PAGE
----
As a business strategy, "It makes perfect sense, you know," Costerison says.

Seated behind his desk, contemplating the Red Bull in front of him, Sabora reflects on the vicious cycle he's seeing, an accelerating conveyor belt that's sending young people to early graves in ever-growing numbers.

"It's a perfect storm," he says. "You couldn't have scripted this better."

What will it take to end America's opioid crisis, or at least make a meaningful dent in it?

Everyone who studies the problem agrees that America's medical community needs to get out of the mindset of over-prescribing opiates. And that's starting to happen, says Costerison, of NCADA St. Louis.

Experts also agree that America needs to spend many billions of dollars more on effective treatment programs, to cut down on the long waiting periods — ranging from a month to more than five months — between when addicts choose to get clean and when they can get beds in treatment centers.

Prescription drug-monitoring databases have been set up in every state, including Missouri, which this year became the last in the nation to do so (even as critics note its database is far from comprehensive). But it will likely take years for them to make a significant impact on the rate of overdose deaths. As long as there is no uniform, national database, then illicit drug users would still be free to go from one state to another to find physicians willing to prescribe them painkillers, according to the DEA's Shroba.

"The DEA's position is that there needs to be a national system," Shroba says. "It needs to be legislated by the federal government and not run by the federal government. .... So that doctors coast to coast can see what's being prescribed because that'll eliminate doctor shopping."

Physicians also need to be better educated about addiction and have greater freedom to prescribe medication therapies, which help impede the cravings that pull opioid addicts into relapse.

Problem is, while literally anyone with an M.D. behind their name can prescribe opioids, physicians who endorse medication-assisted therapies must take eight hours of special education classes.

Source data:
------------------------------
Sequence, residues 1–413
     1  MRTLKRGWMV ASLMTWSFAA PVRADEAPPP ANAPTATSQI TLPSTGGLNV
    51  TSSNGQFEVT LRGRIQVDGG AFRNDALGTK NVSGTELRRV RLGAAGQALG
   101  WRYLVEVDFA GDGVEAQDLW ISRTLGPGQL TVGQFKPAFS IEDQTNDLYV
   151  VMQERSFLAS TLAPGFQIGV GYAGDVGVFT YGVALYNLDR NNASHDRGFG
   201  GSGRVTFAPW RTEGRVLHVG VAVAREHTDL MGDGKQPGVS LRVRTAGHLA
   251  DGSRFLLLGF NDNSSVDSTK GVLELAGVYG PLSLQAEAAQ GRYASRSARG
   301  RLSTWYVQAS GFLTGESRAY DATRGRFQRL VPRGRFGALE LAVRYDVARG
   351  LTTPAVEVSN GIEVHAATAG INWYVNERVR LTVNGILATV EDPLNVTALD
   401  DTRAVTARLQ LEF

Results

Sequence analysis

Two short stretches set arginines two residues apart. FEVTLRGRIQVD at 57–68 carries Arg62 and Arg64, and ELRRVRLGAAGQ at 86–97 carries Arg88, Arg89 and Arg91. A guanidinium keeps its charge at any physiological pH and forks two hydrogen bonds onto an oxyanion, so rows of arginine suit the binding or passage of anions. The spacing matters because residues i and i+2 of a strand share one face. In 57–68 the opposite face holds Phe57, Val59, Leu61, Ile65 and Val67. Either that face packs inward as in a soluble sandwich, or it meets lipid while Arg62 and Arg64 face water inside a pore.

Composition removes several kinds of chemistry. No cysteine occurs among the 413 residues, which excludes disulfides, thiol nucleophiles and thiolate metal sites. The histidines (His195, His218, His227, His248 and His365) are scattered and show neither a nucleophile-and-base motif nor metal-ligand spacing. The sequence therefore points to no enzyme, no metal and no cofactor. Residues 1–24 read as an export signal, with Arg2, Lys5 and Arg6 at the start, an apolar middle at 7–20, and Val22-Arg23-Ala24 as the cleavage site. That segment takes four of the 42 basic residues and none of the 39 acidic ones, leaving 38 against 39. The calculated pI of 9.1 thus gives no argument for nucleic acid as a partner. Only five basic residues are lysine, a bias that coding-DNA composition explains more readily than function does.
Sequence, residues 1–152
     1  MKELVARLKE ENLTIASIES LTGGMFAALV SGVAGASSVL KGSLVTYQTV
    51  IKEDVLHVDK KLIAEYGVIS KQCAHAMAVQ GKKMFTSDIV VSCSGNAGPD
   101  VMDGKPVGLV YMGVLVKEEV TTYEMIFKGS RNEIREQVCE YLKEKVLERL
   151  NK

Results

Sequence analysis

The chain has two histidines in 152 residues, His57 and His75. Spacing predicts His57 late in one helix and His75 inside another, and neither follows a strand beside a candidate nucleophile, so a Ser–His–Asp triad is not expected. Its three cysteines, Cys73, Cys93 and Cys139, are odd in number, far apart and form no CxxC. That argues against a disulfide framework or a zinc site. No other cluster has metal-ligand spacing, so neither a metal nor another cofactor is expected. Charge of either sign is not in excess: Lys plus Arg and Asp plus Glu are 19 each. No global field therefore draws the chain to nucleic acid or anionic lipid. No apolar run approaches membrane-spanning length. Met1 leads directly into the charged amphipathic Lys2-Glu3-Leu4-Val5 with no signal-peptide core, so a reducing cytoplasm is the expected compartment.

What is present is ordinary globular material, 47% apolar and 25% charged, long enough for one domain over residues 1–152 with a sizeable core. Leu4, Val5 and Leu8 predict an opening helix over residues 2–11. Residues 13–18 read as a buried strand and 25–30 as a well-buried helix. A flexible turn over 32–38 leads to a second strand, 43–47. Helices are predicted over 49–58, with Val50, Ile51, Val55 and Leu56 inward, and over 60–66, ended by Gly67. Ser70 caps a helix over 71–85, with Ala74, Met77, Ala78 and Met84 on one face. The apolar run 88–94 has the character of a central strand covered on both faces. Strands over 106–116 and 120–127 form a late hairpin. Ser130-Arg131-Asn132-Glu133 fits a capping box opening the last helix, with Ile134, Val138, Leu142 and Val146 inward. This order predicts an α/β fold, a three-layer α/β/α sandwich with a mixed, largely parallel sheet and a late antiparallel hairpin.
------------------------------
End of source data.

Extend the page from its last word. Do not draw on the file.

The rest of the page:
Even if they take the required classes, physicians are limited by a federal law that requires them to obtain a waiver from the DEA to prescribe buprenorphine or buprenorphine-naloxone. And once they get the waiver, there's another hurdle — the physicians can't treat more than 30 patients in the first year, and no more than 100 patients per year going forward.

The result: a huge bottleneck in providing access to treatment, a bottleneck that Congress could end at any time, but won't, Riley says.

"It's all political," he says.

While drugs like buprenorphine have an 85 percent effectiveness rate, programs modeled on twelve-step programs reject medication therapies. Riley believes that's a huge mistake.

"We're still treating this based on 1937 methods," Riley says. "Yet this is 2017 and we know far more about the science of the addictive brain than we knew in 1937. Then we still treated it as a moral failing, as a choice. Today we know, we know through science, that this disorder of the brain, that the brain actually sets a higher value for the release of [the neurotransmitter] dopamine than it sets a value for going to work in the morning or being honest with my parents."

There is another reason the abstinence-only model is being blamed for a rising death toll. After only a few days off opioids, especially powerful narcotics like heroin and fentanyl, an addict's tolerance drops sharply, according to Costerison.

"Their tolerance is gone and they're at a much higher risk for an overdose if they relapse," Costerison says. "The same thing happens if someone is locked up in jail for the weekend. They get out. Then they have a very high chance for an overdose."

Finally, America needs to move away from its current system of drug enforcement, which sets a premium on shutting down dealers and incarcerating addicts. By focusing on the supply side, America's "War on Drugs" does nothing to deal with the demand.

What America needs to do is adopt the strategy adopted by Portugal, Sabora says, which decriminalized drug use but made treatment programs easily accessible.

"The bulk of the blame lies on our failed drug policy in the United States," Sabora says. Since Portugal decriminalized drugs, he says, "and people are getting treatment instead of jail, their rate of addiction has gone down."

Shroba, the DEA special agent in charge of the St. Louis area, pushes back against Sabora's suggestions.

"We are the Drug Enforcement Administration, not the Drug Treatment Administration," Shroba says. "And so while we want to help people in that regard, if we don't interdict the supply, if we don't interdict the most dangerous drug traffickers out there, does anyone think that will make our streets safer or limit the availability?"

Shroba called it unrealistic to stop going after the suppliers of illegal drugs, especially the most addictive and powerful.

"Because then we're going to have increased availability," he says, "which means we'd have an escalating number rising exponentially, each and every day of individuals trying to seek treatment because we're not restricting the supply."